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Meeting Amelia Alina

My husband and I had gone on a whirlwind six-week vacation to Europe in 2017 and upon returning to Melbourne decided to try for a baby early 2018. Early 2018 came around, and we agreed to officially start, to our surprise we fell pregnant straight away. However, unfortunately, that pregnancy ended up in a missed miscarriage where I was required to have a surgical procedure to terminate the unviable pregnancy. This was a very emotionally difficult time for us, but we were determined to have a baby, so tried again once I got the all-clear from the doctors.


Again, we fell pregnant straight away! This time I was very apprehensive at the start, I couldn't believe it was possible to get pregnant so quickly after a miscarriage. I remember doing the pregnancy test because my period was over a week late, which was very unusual for me. I thought maybe it had something to do with the procedure and never once thought it was because I could possibly be pregnant. Once I saw the two lines come up on the test, I told my husband, and we both didn't believe it and decided it might be a false positive. I even called my mum to tell her but then convinced her that it's more likely a false positive because it couldn't possibly be. I went to my GP with the pregnancy test and asked if it was possible that I could actually be pregnant? After a positive blood test and the wave of morning sickness that hit me as I walked out of the doctor's clinic; I believed it was possible! The dating scan showed I was seven weeks and two days pregnant, and we were able to hear a heartbeat. That made everything feel real because, in my previous pregnancy, there was never a heartbeat.

The next few weeks of my pregnancy was full of nausea and vomiting, I had what I call 'all day sickness'. It would start in the morning and go on all day, I don't actually recall it stopping unless I took my anti-nausea medications. I wasn't able to feel anxious or happy about this pregnancy because all my thoughts were clouded with nausea. I only started telling people outside of the immediate family about my pregnancy after 15 weeks. I still don't know if that's because I couldn't enjoy my pregnancy from the sickness or because I was so nervous I would miscarry again. At 16 weeks, we had a mini gender reveal party at home to share the news with family and subsequently find out what we were having. I bought a powder canon online, we shot it outside on a cold August day, and then I saw pink! 'It's a girl!' I always wanted a girl.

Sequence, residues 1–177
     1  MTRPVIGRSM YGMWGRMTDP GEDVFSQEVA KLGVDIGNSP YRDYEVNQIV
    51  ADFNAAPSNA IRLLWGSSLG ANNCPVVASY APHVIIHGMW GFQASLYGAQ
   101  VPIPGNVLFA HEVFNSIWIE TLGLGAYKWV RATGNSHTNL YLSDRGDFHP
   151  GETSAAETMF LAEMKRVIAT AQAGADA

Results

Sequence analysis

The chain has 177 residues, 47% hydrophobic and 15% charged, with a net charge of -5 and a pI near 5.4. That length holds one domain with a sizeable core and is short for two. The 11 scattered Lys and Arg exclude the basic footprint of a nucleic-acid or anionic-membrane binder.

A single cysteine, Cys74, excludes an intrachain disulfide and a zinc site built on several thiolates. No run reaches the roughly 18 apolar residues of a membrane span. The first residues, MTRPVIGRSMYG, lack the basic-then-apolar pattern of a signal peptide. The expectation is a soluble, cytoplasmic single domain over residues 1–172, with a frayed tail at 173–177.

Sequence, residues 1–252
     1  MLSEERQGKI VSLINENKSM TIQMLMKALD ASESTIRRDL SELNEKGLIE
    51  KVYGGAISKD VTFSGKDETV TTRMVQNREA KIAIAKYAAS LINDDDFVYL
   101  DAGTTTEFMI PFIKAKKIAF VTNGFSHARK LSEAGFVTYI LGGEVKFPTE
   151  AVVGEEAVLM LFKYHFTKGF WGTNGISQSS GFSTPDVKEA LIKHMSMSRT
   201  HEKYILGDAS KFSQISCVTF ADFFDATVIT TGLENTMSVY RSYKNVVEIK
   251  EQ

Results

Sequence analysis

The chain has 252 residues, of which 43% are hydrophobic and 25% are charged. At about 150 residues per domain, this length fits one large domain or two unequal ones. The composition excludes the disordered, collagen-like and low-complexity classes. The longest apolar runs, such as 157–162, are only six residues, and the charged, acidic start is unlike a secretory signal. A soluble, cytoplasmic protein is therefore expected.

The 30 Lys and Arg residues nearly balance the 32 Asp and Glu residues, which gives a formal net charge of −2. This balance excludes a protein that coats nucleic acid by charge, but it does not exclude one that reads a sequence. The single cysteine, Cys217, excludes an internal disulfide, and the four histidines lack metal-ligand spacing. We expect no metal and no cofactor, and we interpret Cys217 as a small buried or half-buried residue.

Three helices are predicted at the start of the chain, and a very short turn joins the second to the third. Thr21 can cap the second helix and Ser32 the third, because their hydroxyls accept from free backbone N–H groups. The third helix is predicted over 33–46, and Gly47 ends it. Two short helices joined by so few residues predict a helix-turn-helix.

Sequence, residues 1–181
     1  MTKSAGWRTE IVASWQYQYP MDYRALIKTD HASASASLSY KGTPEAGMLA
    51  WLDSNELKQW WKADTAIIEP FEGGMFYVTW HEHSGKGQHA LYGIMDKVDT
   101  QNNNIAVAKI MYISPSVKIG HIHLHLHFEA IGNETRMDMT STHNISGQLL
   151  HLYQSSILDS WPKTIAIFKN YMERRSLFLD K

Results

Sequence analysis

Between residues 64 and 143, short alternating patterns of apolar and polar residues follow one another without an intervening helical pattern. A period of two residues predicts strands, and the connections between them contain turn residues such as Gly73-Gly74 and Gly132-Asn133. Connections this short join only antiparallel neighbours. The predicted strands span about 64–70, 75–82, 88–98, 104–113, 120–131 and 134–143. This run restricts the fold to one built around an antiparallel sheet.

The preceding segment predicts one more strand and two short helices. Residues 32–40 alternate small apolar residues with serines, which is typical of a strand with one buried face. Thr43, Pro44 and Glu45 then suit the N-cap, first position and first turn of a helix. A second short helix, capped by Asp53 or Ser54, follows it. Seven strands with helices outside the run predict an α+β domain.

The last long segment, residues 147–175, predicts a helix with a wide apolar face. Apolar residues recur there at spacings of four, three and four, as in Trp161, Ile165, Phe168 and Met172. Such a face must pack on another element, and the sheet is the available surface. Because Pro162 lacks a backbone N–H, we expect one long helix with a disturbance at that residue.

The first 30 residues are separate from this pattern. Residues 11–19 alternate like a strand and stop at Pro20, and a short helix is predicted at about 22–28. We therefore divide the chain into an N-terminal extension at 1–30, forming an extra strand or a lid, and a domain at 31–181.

Eventually, the vomiting stopped, and I was able to enjoy being pregnant, I started thinking about my birth. I met with my public hospital midwife after being accepted into the caseload program. During our first appointment, we discussed birthing options, and I was interested in pursuing a home birth - if medically possible. Soon, all our appointments led towards a home birth. I passed all the hurdles the hospital set, such as low-risk scans, lived within 30 minutes of a hospital and no gestational diabetes. I also met with an obstetrician that gave me the all clear to birth at home, this was around 34 weeks gestation. My parents were never on board with the plan. They were worried that if something went wrong, I'd be home and not in hospital; my home was 25 minutes away, so it wasn't really close by. My husband, however, was on board. I shared all the research with him, and even though he was apprehensive, he wanted to respect my choices as the mother and the one to give birth. I admire him so much for that!


My husband and I attended a calm birthing class in prep for a natural birth. As I wasn't able to access medical pain relief at home, I wanted to be well prepared to use other alternatives such as breathing, massage, movement and relaxation. I read books such as Birth Skills by Juju Sundin and researched how aromatherapy can help increase oxytocin and decrease Adrenalin in labour. At 36 weeks, the birth pool, drugs and oxygen got delivered to our home, and that made everything real. Before this, it was just a discussion of a home birth, but now it was actually going to happen. I had bags packed for baby and myself not because I thought I might end up in hospital but because I wanted things to be in the same spot. I printed my affirmations, put my essential oils in a pouch and had my playlist saved. I felt ready!